Women account for about 20 per cent of all uniformed officers in Canada, more than ever before still a minority despite their growing numbers - especially in top ranks, where they hold only 12 per cent of the jobs.
Women officers also often feel a need to prove themselves equal to their male peers.
Bikos said she's heard similar stories even from those happy in their environment, regardless of the police force or its size.
"There are barriers that have been there since the '70s," said Bikos. "I was definitely taken off guard by how deep those barriers go in the culture."
She said women spoke of being punished or seeing others punished by social and professional isolation for speaking out against accepted policies and administration. Those who found their environment positive and supportive often also considered themselves "one of the boys," she said.
Despite the barriers, Bikos said the women are passionate about their work.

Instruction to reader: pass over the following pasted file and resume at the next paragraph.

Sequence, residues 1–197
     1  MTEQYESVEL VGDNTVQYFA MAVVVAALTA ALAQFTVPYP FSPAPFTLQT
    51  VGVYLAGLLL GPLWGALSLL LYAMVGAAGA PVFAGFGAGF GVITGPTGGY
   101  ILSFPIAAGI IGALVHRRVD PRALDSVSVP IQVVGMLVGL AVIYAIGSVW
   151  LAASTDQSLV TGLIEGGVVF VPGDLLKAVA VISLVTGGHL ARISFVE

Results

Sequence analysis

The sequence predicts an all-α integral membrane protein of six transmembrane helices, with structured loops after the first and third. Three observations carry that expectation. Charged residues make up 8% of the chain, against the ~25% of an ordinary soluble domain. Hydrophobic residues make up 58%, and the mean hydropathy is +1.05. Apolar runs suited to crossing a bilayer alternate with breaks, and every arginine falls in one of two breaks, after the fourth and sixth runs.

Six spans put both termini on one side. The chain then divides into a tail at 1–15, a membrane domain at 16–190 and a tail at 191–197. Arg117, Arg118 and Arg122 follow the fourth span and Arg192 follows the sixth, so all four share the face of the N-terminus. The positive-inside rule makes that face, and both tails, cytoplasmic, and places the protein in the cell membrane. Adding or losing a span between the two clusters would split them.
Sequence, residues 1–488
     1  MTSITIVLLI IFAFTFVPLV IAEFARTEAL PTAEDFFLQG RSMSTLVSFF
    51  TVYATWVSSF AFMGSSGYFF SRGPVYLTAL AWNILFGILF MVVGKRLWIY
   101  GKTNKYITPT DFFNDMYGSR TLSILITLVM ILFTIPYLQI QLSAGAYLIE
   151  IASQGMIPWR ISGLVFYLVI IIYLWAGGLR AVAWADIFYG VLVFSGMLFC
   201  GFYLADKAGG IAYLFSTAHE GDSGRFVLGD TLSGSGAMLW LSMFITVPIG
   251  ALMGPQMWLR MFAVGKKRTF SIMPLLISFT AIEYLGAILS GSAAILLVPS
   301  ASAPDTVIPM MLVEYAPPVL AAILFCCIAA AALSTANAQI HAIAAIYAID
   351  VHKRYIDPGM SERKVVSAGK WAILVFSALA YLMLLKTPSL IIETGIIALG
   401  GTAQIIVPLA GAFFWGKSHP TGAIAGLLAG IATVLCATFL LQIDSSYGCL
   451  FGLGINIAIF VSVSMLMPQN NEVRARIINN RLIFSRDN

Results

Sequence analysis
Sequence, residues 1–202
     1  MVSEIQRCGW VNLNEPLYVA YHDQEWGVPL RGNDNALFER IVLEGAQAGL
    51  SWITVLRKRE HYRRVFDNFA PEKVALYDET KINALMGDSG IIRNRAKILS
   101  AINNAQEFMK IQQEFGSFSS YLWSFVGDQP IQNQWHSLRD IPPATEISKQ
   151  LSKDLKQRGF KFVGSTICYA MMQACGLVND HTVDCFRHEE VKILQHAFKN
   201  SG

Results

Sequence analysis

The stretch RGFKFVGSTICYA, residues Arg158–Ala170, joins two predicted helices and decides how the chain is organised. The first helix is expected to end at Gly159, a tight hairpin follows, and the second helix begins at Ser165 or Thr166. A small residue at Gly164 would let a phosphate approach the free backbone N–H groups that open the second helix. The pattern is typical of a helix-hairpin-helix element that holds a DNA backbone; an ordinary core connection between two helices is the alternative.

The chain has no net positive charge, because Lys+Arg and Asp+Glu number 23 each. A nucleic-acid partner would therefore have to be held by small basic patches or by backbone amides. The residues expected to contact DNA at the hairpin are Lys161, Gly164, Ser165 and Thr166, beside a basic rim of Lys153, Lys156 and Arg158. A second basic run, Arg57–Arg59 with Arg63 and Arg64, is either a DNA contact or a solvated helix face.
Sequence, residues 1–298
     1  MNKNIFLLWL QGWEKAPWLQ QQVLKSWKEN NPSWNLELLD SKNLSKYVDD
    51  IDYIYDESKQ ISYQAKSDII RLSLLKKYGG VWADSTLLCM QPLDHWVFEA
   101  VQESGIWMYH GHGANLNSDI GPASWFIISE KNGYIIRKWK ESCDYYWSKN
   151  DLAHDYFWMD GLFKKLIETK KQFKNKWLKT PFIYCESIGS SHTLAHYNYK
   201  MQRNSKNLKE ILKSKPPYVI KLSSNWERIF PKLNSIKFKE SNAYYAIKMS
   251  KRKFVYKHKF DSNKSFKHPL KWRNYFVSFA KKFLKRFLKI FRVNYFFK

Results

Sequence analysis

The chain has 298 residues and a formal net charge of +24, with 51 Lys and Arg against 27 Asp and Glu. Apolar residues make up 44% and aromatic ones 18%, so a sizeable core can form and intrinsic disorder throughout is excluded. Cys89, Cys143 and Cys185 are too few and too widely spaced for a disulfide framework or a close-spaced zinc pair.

"For the most part, they loved their jobs," she said. "They wanted to serve in the best way possible."
Bikos worked as a London officer for four and a half years, but left eight years ago. She declined to talk about her own experience or comment on London police, saying she wants to keep the focus on participants' experiences.
"I heard stories about corruption, sexual harrassment, abuse, sexual assault, racism, homophobia and still very big stigma toward mental health. Almost all of my participants talked about the fact that they would be uncomfortable admitting they had a mental health issue of any kind," said Bikos, who is working on a follow-up study and seeking more officers, male and female.
Several participants described women-on-women bullying and a "dog-eat-dog" environment fuelled by competition to be the woman chosen for a few token spots in some departments, she said.
Women also said they went above and beyond to prove they were as capable as their male counterparts.
"Many of the police women interviewed admitted that they hesitated to call for backup, worried that they would be perceived as 'weak' by their male co-workers," Bikos wrote in her master's degree research paper, titled I Took the Blue Pill: The Effect of Hegemonic Masculine Police Culture on Canadian Policewomen's Identities.